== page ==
Unfortunately, many Christians saw in these texts a guide to the Last Days and the Parousia and scooped them up. While 4 Ezra and the Sibylline Oracles did not become part of the canon proper, some of them were included in the Apocrypha. Even those that were not regarded as officially authoritative continued to exert a great deal of influence in the development of Christian theology.

This brings us back to the present. Here is a religious community that has been marinating in end-time theology, even creating theological concepts such as “the Rapture” that appear nowhere in Christian theology prior to the late 19th century. The rage for apocalypse finds expression in such books as the “Left Behind” series that has spawned its own media empire. Fear of modernism, or fear simply for the sake of political expedience has cooked down into a noxious but heady brew.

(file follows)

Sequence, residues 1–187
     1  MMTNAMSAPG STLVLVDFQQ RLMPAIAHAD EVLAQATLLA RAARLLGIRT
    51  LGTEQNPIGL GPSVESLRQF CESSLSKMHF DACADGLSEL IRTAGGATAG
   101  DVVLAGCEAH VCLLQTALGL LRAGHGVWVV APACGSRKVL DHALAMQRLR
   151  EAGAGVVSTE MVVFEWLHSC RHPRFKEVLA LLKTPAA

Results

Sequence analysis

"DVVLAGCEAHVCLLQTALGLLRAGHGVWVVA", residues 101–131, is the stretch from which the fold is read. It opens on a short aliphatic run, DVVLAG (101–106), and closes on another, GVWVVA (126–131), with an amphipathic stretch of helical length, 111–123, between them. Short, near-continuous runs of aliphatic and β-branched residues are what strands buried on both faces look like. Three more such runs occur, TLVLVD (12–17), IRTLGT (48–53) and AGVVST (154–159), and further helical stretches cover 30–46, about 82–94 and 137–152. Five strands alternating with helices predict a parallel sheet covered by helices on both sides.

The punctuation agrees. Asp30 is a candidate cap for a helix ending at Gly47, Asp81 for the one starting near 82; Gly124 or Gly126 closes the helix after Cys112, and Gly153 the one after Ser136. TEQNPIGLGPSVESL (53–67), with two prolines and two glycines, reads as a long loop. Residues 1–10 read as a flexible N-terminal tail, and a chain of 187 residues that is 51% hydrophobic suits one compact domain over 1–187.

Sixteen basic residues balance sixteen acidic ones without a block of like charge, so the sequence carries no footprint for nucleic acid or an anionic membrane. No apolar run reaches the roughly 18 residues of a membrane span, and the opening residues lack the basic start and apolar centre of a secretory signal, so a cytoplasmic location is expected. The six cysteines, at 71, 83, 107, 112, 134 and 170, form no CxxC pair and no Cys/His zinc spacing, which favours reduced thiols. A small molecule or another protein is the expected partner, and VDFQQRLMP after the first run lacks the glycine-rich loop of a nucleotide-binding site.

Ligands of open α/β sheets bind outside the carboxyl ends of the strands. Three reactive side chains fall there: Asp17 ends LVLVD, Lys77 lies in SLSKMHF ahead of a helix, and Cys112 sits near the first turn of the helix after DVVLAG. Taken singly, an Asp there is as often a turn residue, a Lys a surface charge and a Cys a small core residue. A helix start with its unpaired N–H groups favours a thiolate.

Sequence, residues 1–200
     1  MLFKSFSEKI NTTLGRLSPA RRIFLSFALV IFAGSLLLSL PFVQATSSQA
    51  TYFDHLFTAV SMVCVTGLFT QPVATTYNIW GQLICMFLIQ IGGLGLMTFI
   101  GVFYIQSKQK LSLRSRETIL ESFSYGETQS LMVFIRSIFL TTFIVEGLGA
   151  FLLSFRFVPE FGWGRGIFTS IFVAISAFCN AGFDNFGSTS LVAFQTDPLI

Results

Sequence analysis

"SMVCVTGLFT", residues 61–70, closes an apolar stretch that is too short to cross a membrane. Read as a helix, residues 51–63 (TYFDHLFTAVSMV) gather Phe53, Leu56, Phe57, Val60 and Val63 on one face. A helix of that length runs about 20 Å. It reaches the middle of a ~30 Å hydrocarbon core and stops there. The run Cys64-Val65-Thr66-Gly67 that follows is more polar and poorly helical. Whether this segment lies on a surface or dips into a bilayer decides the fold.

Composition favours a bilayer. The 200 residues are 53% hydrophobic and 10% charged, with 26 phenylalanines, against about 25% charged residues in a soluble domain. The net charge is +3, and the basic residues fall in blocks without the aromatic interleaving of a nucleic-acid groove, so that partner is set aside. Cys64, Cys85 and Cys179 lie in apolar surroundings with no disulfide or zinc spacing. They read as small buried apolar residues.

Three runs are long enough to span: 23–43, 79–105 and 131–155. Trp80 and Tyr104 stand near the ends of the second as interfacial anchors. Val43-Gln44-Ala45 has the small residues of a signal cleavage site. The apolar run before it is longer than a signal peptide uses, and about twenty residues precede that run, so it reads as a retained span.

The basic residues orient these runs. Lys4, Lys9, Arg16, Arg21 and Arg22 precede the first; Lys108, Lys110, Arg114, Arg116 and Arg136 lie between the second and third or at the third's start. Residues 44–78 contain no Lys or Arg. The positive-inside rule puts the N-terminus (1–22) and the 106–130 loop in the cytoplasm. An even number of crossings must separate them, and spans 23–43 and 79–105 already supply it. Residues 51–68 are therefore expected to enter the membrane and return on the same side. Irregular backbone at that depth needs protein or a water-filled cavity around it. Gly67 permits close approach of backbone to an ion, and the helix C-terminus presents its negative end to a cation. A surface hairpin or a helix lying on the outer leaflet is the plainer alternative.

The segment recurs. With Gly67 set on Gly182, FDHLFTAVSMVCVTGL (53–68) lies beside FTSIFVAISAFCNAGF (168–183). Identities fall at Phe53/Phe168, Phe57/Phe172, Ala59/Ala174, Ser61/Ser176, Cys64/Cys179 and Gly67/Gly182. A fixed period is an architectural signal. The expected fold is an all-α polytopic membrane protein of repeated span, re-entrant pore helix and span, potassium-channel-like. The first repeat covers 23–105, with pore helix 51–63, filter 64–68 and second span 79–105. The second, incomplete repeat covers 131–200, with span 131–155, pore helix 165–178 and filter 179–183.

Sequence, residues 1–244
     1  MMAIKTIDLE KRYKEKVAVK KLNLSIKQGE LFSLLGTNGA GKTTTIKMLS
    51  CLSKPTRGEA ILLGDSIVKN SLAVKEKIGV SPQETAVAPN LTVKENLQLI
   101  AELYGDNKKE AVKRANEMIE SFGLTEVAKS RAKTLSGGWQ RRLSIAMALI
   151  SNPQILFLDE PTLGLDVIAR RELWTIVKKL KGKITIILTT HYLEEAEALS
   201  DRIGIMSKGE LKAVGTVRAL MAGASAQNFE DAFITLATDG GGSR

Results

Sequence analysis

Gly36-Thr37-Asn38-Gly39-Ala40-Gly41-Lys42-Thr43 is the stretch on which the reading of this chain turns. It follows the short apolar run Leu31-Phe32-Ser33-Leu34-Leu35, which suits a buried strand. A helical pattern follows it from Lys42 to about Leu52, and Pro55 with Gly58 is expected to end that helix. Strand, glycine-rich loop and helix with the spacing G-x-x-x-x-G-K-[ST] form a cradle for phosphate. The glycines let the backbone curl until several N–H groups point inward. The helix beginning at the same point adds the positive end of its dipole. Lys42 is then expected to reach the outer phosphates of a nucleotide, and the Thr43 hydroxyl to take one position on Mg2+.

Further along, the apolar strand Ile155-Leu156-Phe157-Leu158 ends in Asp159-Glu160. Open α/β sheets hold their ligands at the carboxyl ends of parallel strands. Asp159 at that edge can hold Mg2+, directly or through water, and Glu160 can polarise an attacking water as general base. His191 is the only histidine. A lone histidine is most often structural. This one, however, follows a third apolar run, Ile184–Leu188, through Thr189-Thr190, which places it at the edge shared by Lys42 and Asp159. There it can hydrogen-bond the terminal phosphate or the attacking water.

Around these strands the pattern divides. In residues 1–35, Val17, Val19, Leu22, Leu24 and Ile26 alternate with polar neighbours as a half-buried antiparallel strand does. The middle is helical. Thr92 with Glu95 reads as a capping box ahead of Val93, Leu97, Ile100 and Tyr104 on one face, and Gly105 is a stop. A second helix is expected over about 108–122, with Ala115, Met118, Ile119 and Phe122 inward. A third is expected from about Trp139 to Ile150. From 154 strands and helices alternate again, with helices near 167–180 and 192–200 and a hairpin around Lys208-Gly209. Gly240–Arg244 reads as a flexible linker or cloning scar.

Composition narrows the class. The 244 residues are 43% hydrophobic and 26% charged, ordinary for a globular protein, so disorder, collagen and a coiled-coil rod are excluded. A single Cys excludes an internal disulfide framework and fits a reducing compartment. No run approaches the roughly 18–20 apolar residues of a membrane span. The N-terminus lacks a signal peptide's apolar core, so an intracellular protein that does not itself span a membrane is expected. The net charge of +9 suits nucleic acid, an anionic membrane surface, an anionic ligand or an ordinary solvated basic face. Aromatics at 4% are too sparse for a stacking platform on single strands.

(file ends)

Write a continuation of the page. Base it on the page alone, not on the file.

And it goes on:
Küng’s summary of the apocalyptic spirit during the Intertestamental Period is a good one; there was a crying need for change. That need gave resonance to the message of Jesus and the early Christian community. Today, many of the same ravages have a grip on our lives; neglect of the sick, abuse of the poor, bigotry, oppression of the weak by the powerful.  The world indeed must be changed. But the apocalyptic vision of Trump’s Christian warriors is the polar opposite of that vision; they want retribution, not healing. They are proof that when a community becomes radicalized in order to defend itself, the ideas at the root of that community become distorted, sometimes even turned inside out. There is also the lesson of the Jews who so fervently hoped for their end-times. The Qumran Community, who gave us the War Scroll, believed that they would fight alongside angels and participate in the building of a new Jerusalem. Instead, they were destroyed by the Xth Roman Legion, on its way to the siege of Jerusalem.

Be careful what you pray for.



A Consumer’s Guide to the Apocalypse — 1 Comment

Leave a Reply